Al-Badwi is the top suspect in the two biggest terrorist operations, which Al-Qaeda carried out in Yemen, the first of which is the U.S. Cole Destroyer Bombing off Aden shore in October 2000 and the second is bombing the French Supertanker Limburg in Al-Dhuba Port in Hadramout in 2002.
The man was sentenced to fifteen years in prison after the sentence was reduced from death in an appeal tribunal in 2005. He is also one of the top wanted terrorists by the U.S. Administration that filed against him as many as fifty charges before a federal court in New York. In addition, the U.S. Administration declared a $5 million prize for anyone who gives information that leads to the capture of Al-Badwi.
The Yemeni government did not comment on the story, which Al-Wasat Weekly published and if it is correct and authentic, Jamal Al-Badwi will be the seventh man having no relation with the six people, who is harbored and protected by Waela tribes. The government hasn't yet launched an offensive against the area to arrest the wanted terrorists while the newspaper reported that tribal leaders of the area agreed to refrain from handing over the suspects to the government.
Furthermore, the Yemeni newspaper didn't mention how long the suspects have been harbored by sheikhs, nor did it report that these suspects are part of the group that was besieged in Abyan but managed to escape.
There are several matters that raise numerous questions regarding the Qaeda Organization in Yemen and the fact that some of them resorted to settle in Abyan governorate, the stronghold of Aden-Abyan Islamic Army, may help lead to a better understanding between the two terrorist organizations even after Aden-Abyan Islamic Army quit Al-Qaeda and chose Abyan as an area for plotting its operations.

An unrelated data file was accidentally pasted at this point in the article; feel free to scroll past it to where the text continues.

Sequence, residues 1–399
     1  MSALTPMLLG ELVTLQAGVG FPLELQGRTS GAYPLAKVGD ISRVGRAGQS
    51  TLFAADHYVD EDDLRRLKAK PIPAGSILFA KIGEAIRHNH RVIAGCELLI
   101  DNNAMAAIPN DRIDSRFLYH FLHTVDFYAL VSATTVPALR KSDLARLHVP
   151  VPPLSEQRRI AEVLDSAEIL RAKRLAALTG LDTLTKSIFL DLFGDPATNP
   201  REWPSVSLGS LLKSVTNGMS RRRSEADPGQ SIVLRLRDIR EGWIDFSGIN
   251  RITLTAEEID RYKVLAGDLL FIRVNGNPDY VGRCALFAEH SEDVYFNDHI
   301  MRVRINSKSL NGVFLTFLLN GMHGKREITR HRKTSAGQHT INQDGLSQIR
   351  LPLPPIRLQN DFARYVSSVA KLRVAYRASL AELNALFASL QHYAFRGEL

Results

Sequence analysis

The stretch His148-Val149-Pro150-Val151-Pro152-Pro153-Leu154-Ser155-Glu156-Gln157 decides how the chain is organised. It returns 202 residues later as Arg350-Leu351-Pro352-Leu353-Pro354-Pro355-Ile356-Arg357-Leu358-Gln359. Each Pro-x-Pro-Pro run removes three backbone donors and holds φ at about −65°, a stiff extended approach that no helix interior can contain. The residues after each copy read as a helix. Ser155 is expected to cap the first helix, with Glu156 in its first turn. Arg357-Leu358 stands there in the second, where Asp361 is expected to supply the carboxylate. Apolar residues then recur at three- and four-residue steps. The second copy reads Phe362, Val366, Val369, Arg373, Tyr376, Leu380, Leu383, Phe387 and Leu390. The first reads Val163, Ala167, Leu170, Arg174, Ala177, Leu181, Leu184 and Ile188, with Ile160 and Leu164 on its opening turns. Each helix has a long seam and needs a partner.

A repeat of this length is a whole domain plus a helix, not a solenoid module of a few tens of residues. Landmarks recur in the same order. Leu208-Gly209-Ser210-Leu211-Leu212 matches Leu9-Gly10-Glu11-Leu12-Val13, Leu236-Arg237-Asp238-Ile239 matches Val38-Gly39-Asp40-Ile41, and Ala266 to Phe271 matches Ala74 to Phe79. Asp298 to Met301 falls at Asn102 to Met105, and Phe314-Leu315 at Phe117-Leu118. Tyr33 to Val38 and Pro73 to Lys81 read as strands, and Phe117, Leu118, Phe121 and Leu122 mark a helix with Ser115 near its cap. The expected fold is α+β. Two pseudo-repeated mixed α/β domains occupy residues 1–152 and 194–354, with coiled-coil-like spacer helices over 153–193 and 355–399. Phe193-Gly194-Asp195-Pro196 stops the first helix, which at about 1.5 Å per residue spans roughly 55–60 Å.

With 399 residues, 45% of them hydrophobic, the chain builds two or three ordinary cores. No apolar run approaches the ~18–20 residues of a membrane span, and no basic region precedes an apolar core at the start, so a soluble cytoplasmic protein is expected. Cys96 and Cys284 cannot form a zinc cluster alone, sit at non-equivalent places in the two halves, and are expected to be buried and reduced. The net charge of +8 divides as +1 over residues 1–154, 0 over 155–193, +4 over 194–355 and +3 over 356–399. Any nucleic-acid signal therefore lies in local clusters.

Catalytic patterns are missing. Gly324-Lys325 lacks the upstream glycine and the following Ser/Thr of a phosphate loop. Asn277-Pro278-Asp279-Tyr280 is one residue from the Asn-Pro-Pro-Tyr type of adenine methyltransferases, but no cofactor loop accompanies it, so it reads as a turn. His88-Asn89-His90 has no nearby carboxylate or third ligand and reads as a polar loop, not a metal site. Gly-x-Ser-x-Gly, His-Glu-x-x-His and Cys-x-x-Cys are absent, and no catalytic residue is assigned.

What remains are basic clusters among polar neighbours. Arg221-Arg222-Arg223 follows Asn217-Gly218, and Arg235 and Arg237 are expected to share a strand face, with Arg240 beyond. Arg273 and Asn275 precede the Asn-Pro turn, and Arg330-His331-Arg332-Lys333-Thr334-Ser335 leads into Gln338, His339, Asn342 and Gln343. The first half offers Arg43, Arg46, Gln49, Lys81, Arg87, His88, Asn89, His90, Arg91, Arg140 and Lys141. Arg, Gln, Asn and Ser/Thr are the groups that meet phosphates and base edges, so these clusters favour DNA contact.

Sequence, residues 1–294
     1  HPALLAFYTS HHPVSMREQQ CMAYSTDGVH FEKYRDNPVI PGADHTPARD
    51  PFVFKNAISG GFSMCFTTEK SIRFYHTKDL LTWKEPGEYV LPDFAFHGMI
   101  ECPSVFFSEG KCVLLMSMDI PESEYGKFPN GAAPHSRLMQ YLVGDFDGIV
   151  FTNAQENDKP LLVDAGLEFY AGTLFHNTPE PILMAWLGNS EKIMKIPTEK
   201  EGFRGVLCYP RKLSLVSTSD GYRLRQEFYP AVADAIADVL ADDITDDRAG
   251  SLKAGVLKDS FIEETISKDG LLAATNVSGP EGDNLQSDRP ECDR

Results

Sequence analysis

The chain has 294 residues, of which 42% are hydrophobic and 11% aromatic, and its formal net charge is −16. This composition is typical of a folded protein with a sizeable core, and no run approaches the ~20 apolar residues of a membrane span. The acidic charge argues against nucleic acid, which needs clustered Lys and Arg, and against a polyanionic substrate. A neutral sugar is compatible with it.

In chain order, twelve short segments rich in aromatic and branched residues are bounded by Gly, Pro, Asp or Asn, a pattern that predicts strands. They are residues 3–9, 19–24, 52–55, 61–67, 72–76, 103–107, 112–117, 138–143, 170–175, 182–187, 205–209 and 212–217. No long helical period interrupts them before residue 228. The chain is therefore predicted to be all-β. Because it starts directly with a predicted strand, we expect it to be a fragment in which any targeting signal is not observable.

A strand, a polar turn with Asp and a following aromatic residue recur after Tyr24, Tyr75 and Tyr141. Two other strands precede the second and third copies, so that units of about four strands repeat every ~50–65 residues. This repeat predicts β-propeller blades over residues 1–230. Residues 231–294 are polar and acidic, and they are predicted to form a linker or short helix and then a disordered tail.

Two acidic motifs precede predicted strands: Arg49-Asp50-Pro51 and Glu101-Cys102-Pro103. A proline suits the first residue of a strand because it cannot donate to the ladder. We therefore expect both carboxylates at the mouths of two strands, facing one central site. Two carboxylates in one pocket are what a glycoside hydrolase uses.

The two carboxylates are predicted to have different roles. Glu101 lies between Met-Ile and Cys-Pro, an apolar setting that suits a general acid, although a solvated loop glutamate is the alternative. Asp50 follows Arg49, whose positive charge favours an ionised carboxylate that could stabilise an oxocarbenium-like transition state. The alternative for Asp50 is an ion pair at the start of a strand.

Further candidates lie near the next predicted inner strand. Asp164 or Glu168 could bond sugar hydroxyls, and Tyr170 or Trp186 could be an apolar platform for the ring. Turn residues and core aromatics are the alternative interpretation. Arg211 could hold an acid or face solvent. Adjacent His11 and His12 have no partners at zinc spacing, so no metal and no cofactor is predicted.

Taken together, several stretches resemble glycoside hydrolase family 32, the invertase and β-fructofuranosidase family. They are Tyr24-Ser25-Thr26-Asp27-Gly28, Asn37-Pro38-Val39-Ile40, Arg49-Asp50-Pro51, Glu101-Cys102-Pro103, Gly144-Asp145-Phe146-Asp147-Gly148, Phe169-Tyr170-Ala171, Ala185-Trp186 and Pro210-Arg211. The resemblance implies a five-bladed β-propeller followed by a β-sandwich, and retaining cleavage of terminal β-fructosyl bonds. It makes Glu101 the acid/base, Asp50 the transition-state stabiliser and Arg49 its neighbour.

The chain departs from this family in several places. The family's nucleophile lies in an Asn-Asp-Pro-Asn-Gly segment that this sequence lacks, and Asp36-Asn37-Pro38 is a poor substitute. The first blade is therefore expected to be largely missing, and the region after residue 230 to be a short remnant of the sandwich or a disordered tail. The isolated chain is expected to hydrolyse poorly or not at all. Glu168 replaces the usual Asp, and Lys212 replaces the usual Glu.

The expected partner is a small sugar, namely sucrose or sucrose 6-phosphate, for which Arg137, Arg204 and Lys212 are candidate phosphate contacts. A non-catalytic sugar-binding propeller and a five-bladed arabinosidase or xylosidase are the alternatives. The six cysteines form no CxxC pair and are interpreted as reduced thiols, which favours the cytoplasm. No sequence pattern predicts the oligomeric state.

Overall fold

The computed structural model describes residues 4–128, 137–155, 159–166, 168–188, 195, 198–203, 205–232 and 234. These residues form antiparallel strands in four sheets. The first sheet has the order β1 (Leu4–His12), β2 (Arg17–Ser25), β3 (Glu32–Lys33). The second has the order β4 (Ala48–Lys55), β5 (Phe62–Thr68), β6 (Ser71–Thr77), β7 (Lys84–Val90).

Not all the Qaeda fugitives are hiding in the same place. The Yemeni government should deal wisely with their capture, particularly after the Qaeda Network blamed the government for deliberately liquidating fugitives and not arresting them. The network disclosed that the murder of Fawaz Al-Rabie and Mohammed Al-Dailami in a single operation in early October 2006 is evidence of the authorities' excessive use of force against the Qaeda elements. It added that it was possible for the government to arrest them and not to kill them. Similarly, the Qaeda member Yasser Al-Homaiqani, was murdered later and this forced the organization to escalate its terrorist operations in Yemen, which culminated with the murder of Spanish tourists.
The jailbreaks perpetuated by Qaeda elements is not a strange thing, as the organization has been training its elements since the early 1980s on how to make tunnels and escape jails. It has been disclosed earlier that the plotter of September 11 Terrorist Attacks on the U.S. is Khalid Sheikh Mohammed, who was trained in Japan for three months in 1987 on how to make tunnels. After a while, he left Japan for Afghanistan carrying with him 150 instruments that were used for the same purpose. Now, Mohammed seems to be unable to flee while being detained by the U.S. Authorities that received him from the Pakistani authorities following his capture in March 2003. On the contrary, Al-Qaeda elements in Yemen managed to escape twice from two detentions surrounded by heightened security.